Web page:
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The biologically rich littoral forests of Sainte Luce support an isolated sub-population of Endangered red-collared brown lemur (Eulemur collaris). The area encompasses 17 disconnected forest fragments, separated by a matrix of eri-caceous heath, grasslands, swamps and watercourses. Since the earliest faunal studies in the late 1980s, this species has only been recorded within four forest patches. We detail this lemur's recent re-colonisation of a protected fragment and consider its broader implications for future conservation initiatives. This observation highlights the value of small, seemingly unimportant patches of forest and the importance of maintaining functional habitat connectivity. Our observations also provide insight into the conditions that likely led to the current distribution of this species in Sainte Luce.
... Madagascar itself is characterized by an extensive history of habitat loss and continuing deforestation and fragmentation (Brinkmann, Noromiarilanto, Ratovonamana, & Buerkert, 2014;Harper, Steininger, Tucker, Juhn, & Hawkins, 2007; review of debate regarding deforestation patterns: Schwitzer, Chikhi, et al., 2014), having lost an estimated 44% of its forest cover from 1953 to 2014 and with 54% of its forest within 100 m of the edge by 2014 (Vieilledent et al., 2018). While the anthropogenic processes driving fragmentation in Madagascar have been extensively documented (De Haulleville et al., 2018;Urech, Felber, & Sorg, 2012), Madagascar may have additionally experienced natural fragmentation driven by climate change (in southeastern littoral forests: Virah-Sawmy, Gillson, & Willis, 2009), potentially resulting in selection for species resilience within heterogeneous landscapes. ...
Article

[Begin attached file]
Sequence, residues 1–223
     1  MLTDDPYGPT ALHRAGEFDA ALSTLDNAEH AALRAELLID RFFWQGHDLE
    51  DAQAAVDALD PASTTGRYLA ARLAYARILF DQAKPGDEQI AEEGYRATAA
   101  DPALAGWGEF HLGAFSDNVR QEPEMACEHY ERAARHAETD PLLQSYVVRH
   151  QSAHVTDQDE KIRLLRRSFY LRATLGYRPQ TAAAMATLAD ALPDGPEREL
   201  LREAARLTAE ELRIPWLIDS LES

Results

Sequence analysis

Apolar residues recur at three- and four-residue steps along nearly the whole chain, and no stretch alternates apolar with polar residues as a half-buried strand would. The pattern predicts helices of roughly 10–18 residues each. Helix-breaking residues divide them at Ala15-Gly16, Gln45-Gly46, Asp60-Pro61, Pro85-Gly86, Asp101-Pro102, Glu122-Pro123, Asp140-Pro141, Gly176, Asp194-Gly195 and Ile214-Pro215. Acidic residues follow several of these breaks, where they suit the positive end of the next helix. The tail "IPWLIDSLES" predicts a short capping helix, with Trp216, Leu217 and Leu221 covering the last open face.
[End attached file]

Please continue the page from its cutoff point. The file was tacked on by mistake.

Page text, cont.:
The rise in research investigating fragmentation and its impact on primates and other taxa reflects the growing presence of fragmented landscapes themselves. Although numerous studies report the negative effects of fragmentation on biodiversity, it is difficult to generalize responses to fragmentation for specific taxonomic groups, such as non-human primates, when studies have not employed a definitive concept of fragmentation or fragments themselves. Madagascar's high degree of fragmentation, wealth of endemic taxa, and extensive history of ecological research provide the opportunity to compare fragmentation studies across similar contexts. We conducted a literature search of peer-reviewed articles on fragmentation in Madagascar to characterize its trends. A total of 70 articles, 46 of which concentrated on lemurs, tested the impacts of fragmentation on Malagasy taxa, while additional sources conducted research in one or more fragments without testing its effects (n = 112 total, 79 on lemurs). Studies on lemurs most frequently tested fragmentation's impacts on genetics and biodiversity metrics (n = 16 and 15 studies, respectively), although health, modeling, behavioral, and cross-disciplinary techniques were also reported. Responses to fragmentation were reported for 49 lemur species, with most studies concentrated in eastern Madagascar (87%). Although there was variation in the metrics reported in studies testing the effects of fragmentation on Malagasy species, the most common measures were fragment area, isolation, or comparison to a control site. Landscape-scale approaches and examination of fragmentation per se were rarely employed. Characterizing trends of fragmentation research in Madagascar emphasizes the challenges of documenting fragmentation's effects while highlighting the benefits of research within fragmented landscapes, particularly when combined with consideration for how the matrix within human-modified landscapes may impact primate populations.